After that -- and a timely reminder from Angel that only the real Eric could have invited him in -- the ice was broken. Eric relaxed and spoke at length about his friendship with Oz, and how impressed he was by Faith’s handling of the Hellmouth. Buffy wasn’t sure how to navigate their real purpose here, but Angel kept the conversation moving and she soon realized that he was steering it naturally toward questions about the pack. It was as good as any place to start, she thought, and sat back to hear what Eric had to say about it.
This would be their last chance to meet at night for the next few days, he reminded them, as the change began tomorrow. “It’s going to be crazy this month,” he grinned, shaking his head. “The full moon falling on the Fourth of July, that’s rare. Some of our younger members have never even seen fireworks while they’re transformed.”
Buffy blinked, imagining it. “Will they be okay?”
He affirmed that they would and explained the measures the pack had in place to keep each wolf safely contained, concealed from the public, and at minimal risk of hurting themselves or each other. When Angel inquired about the enclosures, Eric brought them out back and showed them the one that he and Nina used. Buffy couldn’t see much beyond the porch light and fireflies, but Angel pointed out a robust fence that disappeared into the darkness, and Eric described the others like it throughout the neighborhood.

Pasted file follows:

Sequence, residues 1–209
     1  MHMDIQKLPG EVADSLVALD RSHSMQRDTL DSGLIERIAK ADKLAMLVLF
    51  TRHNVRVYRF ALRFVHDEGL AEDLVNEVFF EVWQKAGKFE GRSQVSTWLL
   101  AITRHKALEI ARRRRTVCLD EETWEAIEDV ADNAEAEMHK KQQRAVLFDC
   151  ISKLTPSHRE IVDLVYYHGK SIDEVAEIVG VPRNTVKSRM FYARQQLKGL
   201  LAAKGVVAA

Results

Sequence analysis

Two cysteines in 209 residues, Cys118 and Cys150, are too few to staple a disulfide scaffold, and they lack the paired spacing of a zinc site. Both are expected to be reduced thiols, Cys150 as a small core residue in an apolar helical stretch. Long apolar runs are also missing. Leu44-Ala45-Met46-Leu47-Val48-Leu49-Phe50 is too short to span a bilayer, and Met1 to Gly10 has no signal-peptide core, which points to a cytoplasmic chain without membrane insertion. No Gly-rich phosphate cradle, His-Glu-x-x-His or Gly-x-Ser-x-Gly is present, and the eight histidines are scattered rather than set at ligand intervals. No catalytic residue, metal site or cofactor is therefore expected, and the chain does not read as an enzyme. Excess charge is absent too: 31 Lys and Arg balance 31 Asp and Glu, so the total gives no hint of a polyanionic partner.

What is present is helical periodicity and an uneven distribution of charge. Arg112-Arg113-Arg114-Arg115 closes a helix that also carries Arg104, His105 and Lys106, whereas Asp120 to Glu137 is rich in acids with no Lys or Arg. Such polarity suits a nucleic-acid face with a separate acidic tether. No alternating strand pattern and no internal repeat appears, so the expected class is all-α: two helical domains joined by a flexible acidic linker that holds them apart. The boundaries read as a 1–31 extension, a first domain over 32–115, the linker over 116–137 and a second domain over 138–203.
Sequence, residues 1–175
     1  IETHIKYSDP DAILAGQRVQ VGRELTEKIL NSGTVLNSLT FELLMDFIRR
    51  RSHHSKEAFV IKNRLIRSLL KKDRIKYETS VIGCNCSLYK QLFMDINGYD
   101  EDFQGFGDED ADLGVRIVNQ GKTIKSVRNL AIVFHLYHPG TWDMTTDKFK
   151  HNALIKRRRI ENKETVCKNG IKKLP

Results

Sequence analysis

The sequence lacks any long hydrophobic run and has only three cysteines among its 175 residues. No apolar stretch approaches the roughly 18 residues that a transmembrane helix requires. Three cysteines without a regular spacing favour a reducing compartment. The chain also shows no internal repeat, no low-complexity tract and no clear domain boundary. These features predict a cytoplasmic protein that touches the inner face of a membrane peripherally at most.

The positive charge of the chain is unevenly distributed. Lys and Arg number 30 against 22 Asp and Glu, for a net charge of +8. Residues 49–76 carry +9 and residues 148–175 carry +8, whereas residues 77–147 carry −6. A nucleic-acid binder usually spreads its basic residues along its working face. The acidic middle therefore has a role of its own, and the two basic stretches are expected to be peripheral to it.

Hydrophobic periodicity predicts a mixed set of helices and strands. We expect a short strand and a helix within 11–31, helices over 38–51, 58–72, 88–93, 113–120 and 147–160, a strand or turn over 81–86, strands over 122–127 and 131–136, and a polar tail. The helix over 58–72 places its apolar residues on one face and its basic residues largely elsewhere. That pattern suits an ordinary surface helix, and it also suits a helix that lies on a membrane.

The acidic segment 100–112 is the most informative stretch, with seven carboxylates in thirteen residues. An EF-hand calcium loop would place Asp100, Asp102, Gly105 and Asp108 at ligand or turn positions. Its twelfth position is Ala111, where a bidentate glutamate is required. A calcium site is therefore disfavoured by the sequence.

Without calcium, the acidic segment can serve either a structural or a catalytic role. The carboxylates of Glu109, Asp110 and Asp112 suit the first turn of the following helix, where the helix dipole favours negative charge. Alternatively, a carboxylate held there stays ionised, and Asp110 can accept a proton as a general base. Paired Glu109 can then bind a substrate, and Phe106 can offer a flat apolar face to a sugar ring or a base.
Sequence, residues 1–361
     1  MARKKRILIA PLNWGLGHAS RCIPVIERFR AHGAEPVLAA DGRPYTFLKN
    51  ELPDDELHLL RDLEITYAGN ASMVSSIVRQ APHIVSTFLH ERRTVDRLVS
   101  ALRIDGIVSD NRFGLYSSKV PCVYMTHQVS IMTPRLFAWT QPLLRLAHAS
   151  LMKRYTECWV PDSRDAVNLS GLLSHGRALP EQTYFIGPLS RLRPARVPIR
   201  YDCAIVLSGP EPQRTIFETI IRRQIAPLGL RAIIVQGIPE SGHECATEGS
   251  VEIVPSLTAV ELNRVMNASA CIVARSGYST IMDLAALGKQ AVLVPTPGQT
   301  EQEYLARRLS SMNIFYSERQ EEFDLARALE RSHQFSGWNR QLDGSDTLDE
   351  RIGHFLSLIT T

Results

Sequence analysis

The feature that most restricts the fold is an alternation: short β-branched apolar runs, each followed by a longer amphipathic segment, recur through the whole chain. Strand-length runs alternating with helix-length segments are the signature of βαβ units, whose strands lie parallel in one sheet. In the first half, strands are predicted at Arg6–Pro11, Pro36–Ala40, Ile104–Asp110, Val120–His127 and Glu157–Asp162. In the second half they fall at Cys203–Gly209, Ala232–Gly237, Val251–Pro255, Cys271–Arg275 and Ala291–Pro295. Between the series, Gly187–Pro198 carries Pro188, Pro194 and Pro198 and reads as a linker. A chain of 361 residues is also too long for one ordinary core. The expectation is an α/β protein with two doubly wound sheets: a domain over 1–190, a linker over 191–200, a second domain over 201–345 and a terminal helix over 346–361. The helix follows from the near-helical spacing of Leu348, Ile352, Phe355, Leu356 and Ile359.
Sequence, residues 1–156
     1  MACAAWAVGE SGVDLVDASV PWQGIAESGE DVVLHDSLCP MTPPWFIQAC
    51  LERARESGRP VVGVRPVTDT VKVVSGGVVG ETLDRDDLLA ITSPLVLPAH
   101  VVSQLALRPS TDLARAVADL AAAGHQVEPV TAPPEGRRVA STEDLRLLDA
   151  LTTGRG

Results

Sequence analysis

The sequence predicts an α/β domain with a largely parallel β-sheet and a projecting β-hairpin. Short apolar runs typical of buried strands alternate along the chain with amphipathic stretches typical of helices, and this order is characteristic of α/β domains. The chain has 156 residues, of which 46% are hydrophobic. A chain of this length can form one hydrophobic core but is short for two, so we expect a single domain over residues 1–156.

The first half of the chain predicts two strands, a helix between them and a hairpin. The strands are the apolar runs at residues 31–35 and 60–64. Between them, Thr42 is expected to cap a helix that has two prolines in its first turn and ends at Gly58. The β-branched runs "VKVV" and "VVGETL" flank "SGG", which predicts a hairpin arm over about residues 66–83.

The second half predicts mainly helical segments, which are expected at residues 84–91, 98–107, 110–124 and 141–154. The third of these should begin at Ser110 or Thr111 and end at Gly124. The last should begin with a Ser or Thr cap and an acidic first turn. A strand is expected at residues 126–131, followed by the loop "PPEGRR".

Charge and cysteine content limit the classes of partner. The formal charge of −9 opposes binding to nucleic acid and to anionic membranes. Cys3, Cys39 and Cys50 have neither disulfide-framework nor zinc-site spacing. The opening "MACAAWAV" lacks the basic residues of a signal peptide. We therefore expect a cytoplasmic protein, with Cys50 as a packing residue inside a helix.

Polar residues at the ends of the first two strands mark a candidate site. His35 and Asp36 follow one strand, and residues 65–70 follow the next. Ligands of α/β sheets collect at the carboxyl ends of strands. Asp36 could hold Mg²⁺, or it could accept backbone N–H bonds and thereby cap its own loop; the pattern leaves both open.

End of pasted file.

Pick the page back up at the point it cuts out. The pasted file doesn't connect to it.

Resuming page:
“From our roof you can see two others besides ours,” he said. “One’s the biggest, too -- all the males without pack partners or families use it.” He gazed out into that direction, then swung back around to face them. “Hey, I have an idea. Why don’t you two come over on the Fourth and watch? If you’re researching werewolves, you won’t get a better view than this. Buffy can come early and get a burger out of it too.”
Angel was instantly appreciative, and Buffy loved the idea. “Shouldn’t we ask Nina first, though?” she said before accepting.
“Yeah, of course,” Eric said quickly, but he sounded solemn now, and he led them back indoors to carry on the conversation in the ample light of the living room.
“It’s true Nina’s working tonight,” he said as he removed the sketchbook from his armchair to sit, “but I also planned it so you’d get here before she did. Maybe you can set me straight if this is all my imagination, but she’s been acting a little weird.”
Before she even had to hear any more, Buffy’s heart dropped. She hoped desperately that it was Eric’s imagination, but past experiences had all but ruled that option out.
Angel leaned forward, real concern written on his face. “How?”